By Gregg Stebben, Men's Health
WASHINGTON -- You may have heard about the guy in D.C. who's trying to get Kenny Loggins coming to his house to do a concert.
It's very much for real. This all started with Kenny Loggins putting a project up on Kickstarter, hoping to record an album with his band Blue Sky Riders. Then Erick Sanchez launched his own Kickstarter effort, called "I want Kenny Loggins to play in my living room."
Loggins has told TMZ he'll perform at Sanchez's home if he raises $30,000.
This really illustrates the beauty of Kickstarter as low- friction marketplace. Kenny Loggins has something to sell -- his performances and his music. Sanchez was able to find and connect with the seller -- Loggins -- and become a buyer of something that he probably never would have known about or had access to as a buyer in the past.
These kinds of transactions and interactions really revolutionize the relationship between fans, or any consumer, and the objects of their attention, whether it's music or products that are important to them.
USA Today is reporting that Sanchez lives in a 1-bedroom D.C.-area condo.
While Sanchez is unlikely to get any money for hosting the show, he will get paid in other ways that will probably change his life forever:
- He gets to have his favorite musician come to his house and play for him in his own living room -- a priceless memory that he can cherish forever.
- He's now been on "Jimmy Kimmel Live," which has done a segment about him and his concert. More priceless memories, and it may be good for his PR career -- and even his social life?
- He will know he did something that has entertained or amused a lot of people around their world, and how cool is that?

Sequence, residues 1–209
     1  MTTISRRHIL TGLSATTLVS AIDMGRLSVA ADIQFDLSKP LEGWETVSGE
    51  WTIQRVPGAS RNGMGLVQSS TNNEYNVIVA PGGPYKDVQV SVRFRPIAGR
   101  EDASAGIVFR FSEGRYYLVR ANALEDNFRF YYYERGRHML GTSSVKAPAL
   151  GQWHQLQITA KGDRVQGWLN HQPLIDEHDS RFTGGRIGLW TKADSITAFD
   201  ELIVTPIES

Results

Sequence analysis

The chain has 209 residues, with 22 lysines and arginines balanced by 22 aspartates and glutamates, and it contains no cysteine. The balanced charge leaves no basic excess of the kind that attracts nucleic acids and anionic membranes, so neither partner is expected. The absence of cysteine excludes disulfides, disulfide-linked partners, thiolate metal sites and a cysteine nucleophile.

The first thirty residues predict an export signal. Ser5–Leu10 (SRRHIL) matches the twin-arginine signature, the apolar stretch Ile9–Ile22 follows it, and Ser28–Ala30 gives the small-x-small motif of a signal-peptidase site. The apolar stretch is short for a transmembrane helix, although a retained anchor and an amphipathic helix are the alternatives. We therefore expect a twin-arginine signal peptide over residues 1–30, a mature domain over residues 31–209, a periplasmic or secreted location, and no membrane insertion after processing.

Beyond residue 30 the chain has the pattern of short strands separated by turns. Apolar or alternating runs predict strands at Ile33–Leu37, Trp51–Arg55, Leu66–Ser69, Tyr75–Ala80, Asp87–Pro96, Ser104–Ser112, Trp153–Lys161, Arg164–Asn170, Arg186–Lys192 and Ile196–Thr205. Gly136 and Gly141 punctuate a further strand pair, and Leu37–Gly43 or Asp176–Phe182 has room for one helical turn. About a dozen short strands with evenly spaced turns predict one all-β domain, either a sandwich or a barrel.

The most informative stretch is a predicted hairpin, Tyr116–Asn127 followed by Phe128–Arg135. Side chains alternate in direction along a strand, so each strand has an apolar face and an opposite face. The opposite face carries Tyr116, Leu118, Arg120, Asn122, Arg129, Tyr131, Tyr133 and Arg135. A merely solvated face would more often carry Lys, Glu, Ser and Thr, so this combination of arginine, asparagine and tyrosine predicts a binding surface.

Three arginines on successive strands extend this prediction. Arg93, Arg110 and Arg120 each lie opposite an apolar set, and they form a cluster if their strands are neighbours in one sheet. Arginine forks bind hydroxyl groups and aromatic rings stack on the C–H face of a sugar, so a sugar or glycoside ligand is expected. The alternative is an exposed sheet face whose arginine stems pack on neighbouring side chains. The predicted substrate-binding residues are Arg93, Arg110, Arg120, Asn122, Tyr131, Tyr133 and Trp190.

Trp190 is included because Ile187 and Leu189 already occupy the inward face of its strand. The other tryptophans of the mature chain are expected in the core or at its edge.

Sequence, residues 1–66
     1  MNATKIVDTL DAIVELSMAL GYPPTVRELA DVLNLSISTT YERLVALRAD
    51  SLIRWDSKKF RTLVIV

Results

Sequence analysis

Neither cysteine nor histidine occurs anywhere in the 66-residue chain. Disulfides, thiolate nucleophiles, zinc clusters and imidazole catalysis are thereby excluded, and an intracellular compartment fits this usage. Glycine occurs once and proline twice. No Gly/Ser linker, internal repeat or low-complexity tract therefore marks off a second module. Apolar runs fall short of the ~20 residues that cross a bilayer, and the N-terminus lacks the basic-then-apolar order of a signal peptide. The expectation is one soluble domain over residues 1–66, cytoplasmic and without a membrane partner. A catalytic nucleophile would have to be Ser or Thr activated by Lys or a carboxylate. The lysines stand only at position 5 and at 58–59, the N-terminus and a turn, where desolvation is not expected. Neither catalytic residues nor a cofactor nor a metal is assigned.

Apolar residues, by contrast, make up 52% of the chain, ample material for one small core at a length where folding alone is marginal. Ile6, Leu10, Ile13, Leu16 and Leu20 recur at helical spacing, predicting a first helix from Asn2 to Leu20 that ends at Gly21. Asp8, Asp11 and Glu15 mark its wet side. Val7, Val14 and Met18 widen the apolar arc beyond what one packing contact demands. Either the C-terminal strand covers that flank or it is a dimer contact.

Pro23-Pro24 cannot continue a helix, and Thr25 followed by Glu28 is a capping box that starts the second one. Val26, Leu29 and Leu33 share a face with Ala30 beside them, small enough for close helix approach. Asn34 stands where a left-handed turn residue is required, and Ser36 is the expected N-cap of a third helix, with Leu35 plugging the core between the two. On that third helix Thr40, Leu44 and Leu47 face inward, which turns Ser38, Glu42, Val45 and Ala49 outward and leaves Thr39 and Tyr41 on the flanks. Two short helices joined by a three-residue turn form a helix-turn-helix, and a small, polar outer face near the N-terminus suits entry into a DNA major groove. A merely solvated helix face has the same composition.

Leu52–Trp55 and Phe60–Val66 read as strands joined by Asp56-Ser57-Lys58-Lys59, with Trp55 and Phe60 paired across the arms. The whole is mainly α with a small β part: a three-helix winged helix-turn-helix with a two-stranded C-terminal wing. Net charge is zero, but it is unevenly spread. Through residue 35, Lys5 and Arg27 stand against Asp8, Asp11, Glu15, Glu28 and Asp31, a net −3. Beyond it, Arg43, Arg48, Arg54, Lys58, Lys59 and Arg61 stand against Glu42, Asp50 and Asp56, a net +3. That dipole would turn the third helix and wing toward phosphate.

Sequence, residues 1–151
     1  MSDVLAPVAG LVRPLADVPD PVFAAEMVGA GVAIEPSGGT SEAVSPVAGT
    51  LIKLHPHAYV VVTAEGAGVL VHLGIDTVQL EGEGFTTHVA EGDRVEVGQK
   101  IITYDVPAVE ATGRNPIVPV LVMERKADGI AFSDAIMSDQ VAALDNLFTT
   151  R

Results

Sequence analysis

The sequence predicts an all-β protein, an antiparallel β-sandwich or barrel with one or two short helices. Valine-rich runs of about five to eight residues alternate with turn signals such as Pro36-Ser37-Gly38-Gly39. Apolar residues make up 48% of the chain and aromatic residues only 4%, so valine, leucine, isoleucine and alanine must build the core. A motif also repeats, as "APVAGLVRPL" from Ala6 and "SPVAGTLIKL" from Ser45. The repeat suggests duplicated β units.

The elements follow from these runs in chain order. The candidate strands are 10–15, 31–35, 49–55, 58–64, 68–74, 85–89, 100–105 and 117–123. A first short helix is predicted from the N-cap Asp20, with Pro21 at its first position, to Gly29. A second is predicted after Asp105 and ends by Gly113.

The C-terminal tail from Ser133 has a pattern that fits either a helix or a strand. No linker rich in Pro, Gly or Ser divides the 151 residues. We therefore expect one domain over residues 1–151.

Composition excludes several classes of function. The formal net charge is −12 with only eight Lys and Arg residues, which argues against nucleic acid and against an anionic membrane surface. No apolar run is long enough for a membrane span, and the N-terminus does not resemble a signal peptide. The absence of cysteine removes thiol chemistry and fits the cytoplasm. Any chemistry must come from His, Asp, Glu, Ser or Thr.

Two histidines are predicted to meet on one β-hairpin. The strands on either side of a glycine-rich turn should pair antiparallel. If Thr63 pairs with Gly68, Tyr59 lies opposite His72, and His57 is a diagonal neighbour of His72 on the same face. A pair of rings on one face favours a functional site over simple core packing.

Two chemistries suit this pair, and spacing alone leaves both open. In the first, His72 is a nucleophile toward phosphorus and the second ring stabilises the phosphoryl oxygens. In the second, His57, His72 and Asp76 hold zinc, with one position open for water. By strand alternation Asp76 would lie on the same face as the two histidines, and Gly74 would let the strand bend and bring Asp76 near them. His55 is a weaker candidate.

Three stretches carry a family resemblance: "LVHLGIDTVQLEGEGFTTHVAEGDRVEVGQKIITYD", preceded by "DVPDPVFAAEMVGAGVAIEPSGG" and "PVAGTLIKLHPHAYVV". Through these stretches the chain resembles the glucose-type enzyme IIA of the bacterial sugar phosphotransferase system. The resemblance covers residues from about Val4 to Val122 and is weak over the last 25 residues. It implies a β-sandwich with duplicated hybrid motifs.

In the name of disclosure, I've got one of my favorite musicians coming to play at my house.
On Aug. 24, Eef Barzelay, the frontman for the band Clem Snide, will come to my house in Raleigh, North Carolina, and do a show in my living room.
So what do I get out of it?
I love Eef and his music, and I get to spend a very intimate evening with him and some of his fans listening to him play. What a thrill!
We also get to share the show with some of our friends, who will be comped in to enjoy the show too.
My wife Jody and I will not be paid for hosting the show. All the money for the show goes to the guy who deserves it. And that's Eef Barzelay.
None of this would be possible without the Internet, cloud-based marketplaces such as Kickstarter and social media.
Before these forms of new media existed, how would I and Eef Barzelay have ever connected? How would Eef have sold tickets?
A lot of pieces have to come together to make this work, and without present-day technology it would have been near-impossible to make it all happen.
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